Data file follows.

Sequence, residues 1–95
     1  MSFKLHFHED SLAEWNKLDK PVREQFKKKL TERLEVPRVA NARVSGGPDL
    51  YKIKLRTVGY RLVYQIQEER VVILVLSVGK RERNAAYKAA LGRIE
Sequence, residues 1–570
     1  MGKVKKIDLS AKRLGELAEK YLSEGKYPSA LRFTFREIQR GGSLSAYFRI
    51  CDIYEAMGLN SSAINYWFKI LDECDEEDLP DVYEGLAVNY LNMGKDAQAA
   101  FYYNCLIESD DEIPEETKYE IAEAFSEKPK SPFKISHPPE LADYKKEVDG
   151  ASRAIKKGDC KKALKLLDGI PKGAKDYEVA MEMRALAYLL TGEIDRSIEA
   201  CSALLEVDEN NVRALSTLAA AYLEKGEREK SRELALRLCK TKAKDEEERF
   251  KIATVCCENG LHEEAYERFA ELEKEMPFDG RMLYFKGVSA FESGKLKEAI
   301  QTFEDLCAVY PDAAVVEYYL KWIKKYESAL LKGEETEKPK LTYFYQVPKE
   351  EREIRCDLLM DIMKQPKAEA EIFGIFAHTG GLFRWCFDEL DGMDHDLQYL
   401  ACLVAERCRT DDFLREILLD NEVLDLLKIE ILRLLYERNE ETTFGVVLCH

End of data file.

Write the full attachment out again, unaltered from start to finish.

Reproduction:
Sequence, residues 1–95
     1  MSFKLHFHED SLAEWNKLDK PVREQFKKKL TERLEVPRVA NARVSGGPDL
    51  YKIKLRTVGY RLVYQIQEER VVILVLSVGK RERNAAYKAA LGRIE
Sequence, residues 1–570
     1  MGKVKKIDLS AKRLGELAEK YLSEGKYPSA LRFTFREIQR GGSLSAYFRI
    51  CDIYEAMGLN SSAINYWFKI LDECDEEDLP DVYEGLAVNY LNMGKDAQAA
   101  FYYNCLIESD DEIPEETKYE IAEAFSEKPK SPFKISHPPE LADYKKEVDG
   151  ASRAIKKGDC KKALKLLDGI PKGAKDYEVA MEMRALAYLL TGEIDRSIEA
   201  CSALLEVDEN NVRALSTLAA AYLEKGEREK SRELALRLCK TKAKDEEERF
   251  KIATVCCENG LHEEAYERFA ELEKEMPFDG RMLYFKGVSA FESGKLKEAI
   301  QTFEDLCAVY PDAAVVEYYL KWIKKYESAL LKGEETEKPK LTYFYQVPKE
   351  EREIRCDLLM DIMKQPKAEA EIFGIFAHTG GLFRWCFDEL DGMDHDLQYL
   401  ACLVAERCRT DDFLREILLD NEVLDLLKIE ILRLLYERNE ETTFGVVLCH